Ignorance isn’t bliss – it’s insulting

I’m getting annoyed. Very, very annoyed.

I’m getting annoyed at how some voice seekers have become almost condescending towards voice actors. The tone with which they write their job descriptions and the budgets that they post are down right insulting. Yes, I understand that many voice seekers are ignorant of the voice-over world, its rates, and what voice talent have to go through to get to a level of professionalism. But gimme a break!

Case #1 – Mildly annoying

A recent voice over job I saw posted on the Internet was looking for a professional, high-quality voice over to narrate a 5-minute script. Their budget? A measly $30. That’s it. Their reasoning? Because the voice over would only be used as a mock-up they weren’t looking to spend a lot of money.

Now, while mock-up fees are not as high as the fees for regular, broadcast jobs, $30 for a 5-minute narration is just too low!

Case #2 – You’ve got to be kidding me?!?!

This voice seeker is looking for someone to record articles that range from 300 words (about 3 minutes of narration) to 1,500 words (roughly 15 minutes of narration).

The fee?

$3.60 per article!

You read that correctly: three dollars and sixty cents per article!

The voice seeker also wants each article to recorded and sent within 15 hours after being assigned and reserves the right to ask for revisions too: at this $3.60 per article fee!

Case #3 – talking down from their throne

Have you ever seen this:

“Anyone who knows what they are doing can get this job done quickly”

First of all, it’s insulting and condescending. And why would someone write that anyway? What’s the motivation? To justify their extremely low budget by saying you can get it done fast (provided you know what you’re doing)?

I don’t know about you, but to me, someone who is very good at their job (because of their training or experience or both) deserves to get paid well! Should I tell my doctor “because you know what you are doing, you should be able to get my operation done quickly, professionally, and at a ridiculously low price?”

Ack!

Case #4 – the bribe

I see this one a lot:

“Our budget is low, but if you do a good job then there may be future work for you as well.”

Some of my friends are freelancers in different fields (website design, graphic design, app programming, etc.) and they see exactly the same thing. And they all say that more often than not there are no future jobs waiting in the wings for them. That “possible future work” line is just a way to get freelancers to accept low pay for quality work. Don’t buy into it!

I’d love to walk into a restaurant and say “I’ll only pay you a small portion of the price of my lunch. But if I like how you cook, then I’ll possibly come back every day to eat lunch here.” I’m sure the waitress would kindly turn me away and seat the next paying customer in line.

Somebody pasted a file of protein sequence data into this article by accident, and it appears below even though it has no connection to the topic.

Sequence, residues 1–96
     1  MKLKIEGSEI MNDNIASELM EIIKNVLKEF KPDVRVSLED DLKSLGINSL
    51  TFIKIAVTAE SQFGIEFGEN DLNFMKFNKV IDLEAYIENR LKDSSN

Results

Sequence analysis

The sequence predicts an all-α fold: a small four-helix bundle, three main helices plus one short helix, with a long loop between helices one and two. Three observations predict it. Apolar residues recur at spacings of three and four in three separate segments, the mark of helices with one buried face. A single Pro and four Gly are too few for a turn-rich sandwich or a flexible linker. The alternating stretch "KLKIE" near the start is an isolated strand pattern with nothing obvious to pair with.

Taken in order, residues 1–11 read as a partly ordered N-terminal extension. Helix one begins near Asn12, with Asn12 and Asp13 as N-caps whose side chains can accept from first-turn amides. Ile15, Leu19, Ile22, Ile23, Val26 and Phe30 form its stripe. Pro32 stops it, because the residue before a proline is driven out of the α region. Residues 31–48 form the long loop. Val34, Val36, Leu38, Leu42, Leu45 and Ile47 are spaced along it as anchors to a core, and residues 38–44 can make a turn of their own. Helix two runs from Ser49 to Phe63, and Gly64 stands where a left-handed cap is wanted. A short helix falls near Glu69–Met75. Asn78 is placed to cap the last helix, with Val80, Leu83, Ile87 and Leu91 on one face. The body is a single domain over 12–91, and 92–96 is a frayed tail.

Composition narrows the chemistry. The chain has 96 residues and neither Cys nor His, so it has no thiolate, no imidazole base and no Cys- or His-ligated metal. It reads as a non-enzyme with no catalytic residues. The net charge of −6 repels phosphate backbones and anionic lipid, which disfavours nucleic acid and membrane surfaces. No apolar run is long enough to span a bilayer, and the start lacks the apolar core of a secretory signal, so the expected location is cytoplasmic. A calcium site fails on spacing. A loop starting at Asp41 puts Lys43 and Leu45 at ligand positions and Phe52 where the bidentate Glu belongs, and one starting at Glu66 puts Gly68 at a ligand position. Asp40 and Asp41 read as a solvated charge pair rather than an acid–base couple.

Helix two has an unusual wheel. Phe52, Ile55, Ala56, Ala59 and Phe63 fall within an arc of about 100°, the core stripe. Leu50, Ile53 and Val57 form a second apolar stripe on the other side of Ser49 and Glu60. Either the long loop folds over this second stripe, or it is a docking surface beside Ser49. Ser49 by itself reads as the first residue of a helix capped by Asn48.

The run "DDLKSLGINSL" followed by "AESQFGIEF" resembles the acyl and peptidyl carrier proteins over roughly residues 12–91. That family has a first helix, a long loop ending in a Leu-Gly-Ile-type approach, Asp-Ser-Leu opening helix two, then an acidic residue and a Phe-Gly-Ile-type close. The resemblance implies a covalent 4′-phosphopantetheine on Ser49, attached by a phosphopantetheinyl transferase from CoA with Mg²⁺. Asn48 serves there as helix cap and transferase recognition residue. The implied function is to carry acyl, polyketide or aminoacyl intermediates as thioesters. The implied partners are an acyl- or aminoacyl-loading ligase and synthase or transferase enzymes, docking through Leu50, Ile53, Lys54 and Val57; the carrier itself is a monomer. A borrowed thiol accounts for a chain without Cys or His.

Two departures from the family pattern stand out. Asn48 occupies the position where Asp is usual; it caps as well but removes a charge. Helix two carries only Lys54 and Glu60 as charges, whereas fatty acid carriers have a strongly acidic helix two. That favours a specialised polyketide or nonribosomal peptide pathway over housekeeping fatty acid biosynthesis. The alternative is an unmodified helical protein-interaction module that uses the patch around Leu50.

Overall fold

Why this continues to happen

The answer is simple:
Because voice talent actually take this kind of abuse and bid on (or audition for) these jobs!

Yes, yes, I know. If you are just breaking into voice acting, then getting your first few jobs is hellish. But accepting this kind of behavior from voice seekers and getting paid such laughingly silly fees is just going to damage you and the voice over field as a whole. (If you haven’t yet, please read my post called: Working for peanuts – not prime rib. It goes into more detail.)

Please remember this:
You teach people how to treat you by how you respond to them.

If you let them treat you badly, then they’ll just keep on doing it.

Am I off base?

I’m curious to know what others out there think. Am I right in my rants? Or am I way off the mark? And if you have seen anything that raises your blood pressure, then please feel free to write it in the comment section below.

4 Comments

  1. Hi there

    Couldn’t agree more. I joined elance recently and have had some great jobs off it. But I noticed some jobs were posted for highly professional voice artist, with own studio to record a 30 second commercial. The fee? $30! Now THAT is insulting!

  2. Many good points David. I’ve learned to just say “no” to the
    low ballers out there. I think the more experienced voice talents develop good instincts about taking on possible jobs. I often pass on jobs that are either too low paying or they want a whole lot of something for very little. Much of my voice work is e learning and I’m fortunate to have clients that “get it.” I pass on the ones who don’t.

  3. Don’t let them get to you, David. It’s part of the free market system: offer and acceptance. Think of these offers not as insults, but as displays of ignorance, and have pity on the poor souls that publish them.

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  1. When it comes to setting budgets for voiceover work, ignorance isn’t bliss – it’s insulting! | Voice Actors Notebook | Inside Voiceover—Cutting-edge Insights + Enlightening, Entertaining News for Voiceover Professionals | Scoop.it
  2. Ignorance isn’t bliss – it’s insulting | Voiceover Daily | Scoop.it

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